Pray as you open your Bible and pray as you read. Ask for help. Ask for understanding. Ask for a sight of the glory of Christ.

Third, we need to respond to the things that God reveals in worship. Reading should result in praising. This might mean singing. It might mean expressing thanksgiving to God. It might mean telling someone else about the great things we’ve seen in God’s Word. Fewer things make truth sink into our hearts quite like saying them out loud: in praise to God or in proclamation to someone else. Give God glory for the glory he has revealed to you and your heart will begin to swell with affections for Jesus. You will become more holy.

Putting the Word to Work with Our Hands

There are no clear boundaries between these three steps. Each one tends to spill over into the others. So, worship often takes the form of telling others about the greatness of God, which is an outward work that we do. The heart begins to move the hands. That’s how we know that a genuine work of the Holy Spirit through God’s Word is taking place. Just as it is possible to have knowledge that doesn’t lead to holiness, it is also possible to have spiritual feelings that do not lead to holiness. Often, these affections are not rooted in the true knowledge of God. This is how Paul describes his lost Jewish brothers and sisters:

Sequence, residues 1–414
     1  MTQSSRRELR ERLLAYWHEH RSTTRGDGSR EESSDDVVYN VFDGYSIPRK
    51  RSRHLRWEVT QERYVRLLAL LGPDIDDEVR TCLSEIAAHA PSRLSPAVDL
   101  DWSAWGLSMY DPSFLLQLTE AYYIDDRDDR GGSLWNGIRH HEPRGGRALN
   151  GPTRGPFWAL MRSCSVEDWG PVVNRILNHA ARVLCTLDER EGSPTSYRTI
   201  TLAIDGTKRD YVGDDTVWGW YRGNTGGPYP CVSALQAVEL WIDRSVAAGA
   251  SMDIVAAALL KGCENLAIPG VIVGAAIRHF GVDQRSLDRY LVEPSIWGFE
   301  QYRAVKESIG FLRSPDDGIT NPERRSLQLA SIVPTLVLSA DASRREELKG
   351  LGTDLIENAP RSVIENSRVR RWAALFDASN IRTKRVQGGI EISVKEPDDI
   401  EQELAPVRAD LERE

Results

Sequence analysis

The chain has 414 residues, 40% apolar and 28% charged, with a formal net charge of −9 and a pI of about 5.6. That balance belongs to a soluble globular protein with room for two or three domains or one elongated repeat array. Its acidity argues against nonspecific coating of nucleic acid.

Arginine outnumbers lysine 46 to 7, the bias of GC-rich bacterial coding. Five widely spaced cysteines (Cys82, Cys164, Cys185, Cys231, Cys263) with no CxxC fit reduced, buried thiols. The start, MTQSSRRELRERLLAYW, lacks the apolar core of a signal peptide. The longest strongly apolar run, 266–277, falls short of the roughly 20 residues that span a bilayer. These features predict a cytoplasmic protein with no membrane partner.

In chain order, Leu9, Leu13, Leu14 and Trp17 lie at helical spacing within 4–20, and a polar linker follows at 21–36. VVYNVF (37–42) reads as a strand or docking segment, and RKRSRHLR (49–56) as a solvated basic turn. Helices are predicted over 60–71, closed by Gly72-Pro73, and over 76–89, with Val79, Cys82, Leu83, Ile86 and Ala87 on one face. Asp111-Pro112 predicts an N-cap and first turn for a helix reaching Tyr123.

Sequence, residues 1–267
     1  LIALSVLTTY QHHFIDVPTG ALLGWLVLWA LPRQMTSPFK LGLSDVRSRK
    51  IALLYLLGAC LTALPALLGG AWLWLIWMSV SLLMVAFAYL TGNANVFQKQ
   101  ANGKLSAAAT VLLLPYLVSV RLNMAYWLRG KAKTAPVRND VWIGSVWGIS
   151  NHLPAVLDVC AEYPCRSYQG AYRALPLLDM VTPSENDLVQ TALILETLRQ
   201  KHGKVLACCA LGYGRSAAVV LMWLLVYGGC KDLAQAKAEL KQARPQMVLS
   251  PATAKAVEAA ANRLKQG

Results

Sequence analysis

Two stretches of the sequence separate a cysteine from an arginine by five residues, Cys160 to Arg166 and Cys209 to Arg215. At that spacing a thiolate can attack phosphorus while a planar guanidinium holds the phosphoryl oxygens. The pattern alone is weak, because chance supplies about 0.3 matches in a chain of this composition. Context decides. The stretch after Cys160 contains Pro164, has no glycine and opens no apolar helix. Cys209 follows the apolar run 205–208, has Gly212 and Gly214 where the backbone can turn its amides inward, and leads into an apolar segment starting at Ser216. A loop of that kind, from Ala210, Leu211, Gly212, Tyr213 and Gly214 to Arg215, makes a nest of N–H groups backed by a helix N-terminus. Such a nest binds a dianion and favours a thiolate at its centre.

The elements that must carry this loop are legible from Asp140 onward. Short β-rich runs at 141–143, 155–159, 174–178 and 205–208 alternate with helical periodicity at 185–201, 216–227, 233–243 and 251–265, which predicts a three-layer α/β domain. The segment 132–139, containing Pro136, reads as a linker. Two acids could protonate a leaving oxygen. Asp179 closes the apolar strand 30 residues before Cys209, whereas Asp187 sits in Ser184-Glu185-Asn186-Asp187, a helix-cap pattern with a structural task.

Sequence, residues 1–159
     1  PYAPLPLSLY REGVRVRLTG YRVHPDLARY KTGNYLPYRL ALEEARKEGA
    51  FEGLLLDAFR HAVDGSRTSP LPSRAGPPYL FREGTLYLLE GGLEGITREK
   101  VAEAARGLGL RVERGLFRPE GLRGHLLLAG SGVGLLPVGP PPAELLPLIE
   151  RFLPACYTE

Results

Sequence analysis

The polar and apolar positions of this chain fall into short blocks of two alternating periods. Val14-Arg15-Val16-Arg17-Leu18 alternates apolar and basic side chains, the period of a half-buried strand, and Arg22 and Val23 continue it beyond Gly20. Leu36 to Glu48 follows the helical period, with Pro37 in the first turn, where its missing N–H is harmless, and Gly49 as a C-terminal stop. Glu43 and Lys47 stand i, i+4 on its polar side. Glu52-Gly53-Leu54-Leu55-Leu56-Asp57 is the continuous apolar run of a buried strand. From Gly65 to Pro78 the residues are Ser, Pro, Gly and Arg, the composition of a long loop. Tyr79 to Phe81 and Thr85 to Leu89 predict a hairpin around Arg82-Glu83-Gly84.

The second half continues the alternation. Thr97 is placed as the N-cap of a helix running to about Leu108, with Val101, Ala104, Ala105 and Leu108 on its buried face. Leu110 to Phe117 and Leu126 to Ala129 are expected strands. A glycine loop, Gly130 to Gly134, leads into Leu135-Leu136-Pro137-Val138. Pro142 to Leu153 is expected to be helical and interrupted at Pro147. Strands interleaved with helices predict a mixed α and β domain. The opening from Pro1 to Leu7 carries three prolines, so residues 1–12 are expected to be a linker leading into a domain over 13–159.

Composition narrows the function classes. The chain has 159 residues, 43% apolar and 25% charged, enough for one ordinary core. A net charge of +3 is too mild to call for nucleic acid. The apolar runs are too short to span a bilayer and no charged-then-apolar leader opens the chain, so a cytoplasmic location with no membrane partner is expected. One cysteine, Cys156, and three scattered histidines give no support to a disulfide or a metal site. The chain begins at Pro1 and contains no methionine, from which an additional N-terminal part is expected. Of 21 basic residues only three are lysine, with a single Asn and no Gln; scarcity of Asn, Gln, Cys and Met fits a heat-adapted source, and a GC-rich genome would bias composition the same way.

Brothers, my heart’s desire and prayer to God for them is that they may be saved. For I bear them witness that they have a zeal for God, but not according to knowledge. (Romans 10:1–2)

We may think that we love God when we really do not. John tells us that one of the primary evidences of love for God (transformed hearts) is love for others.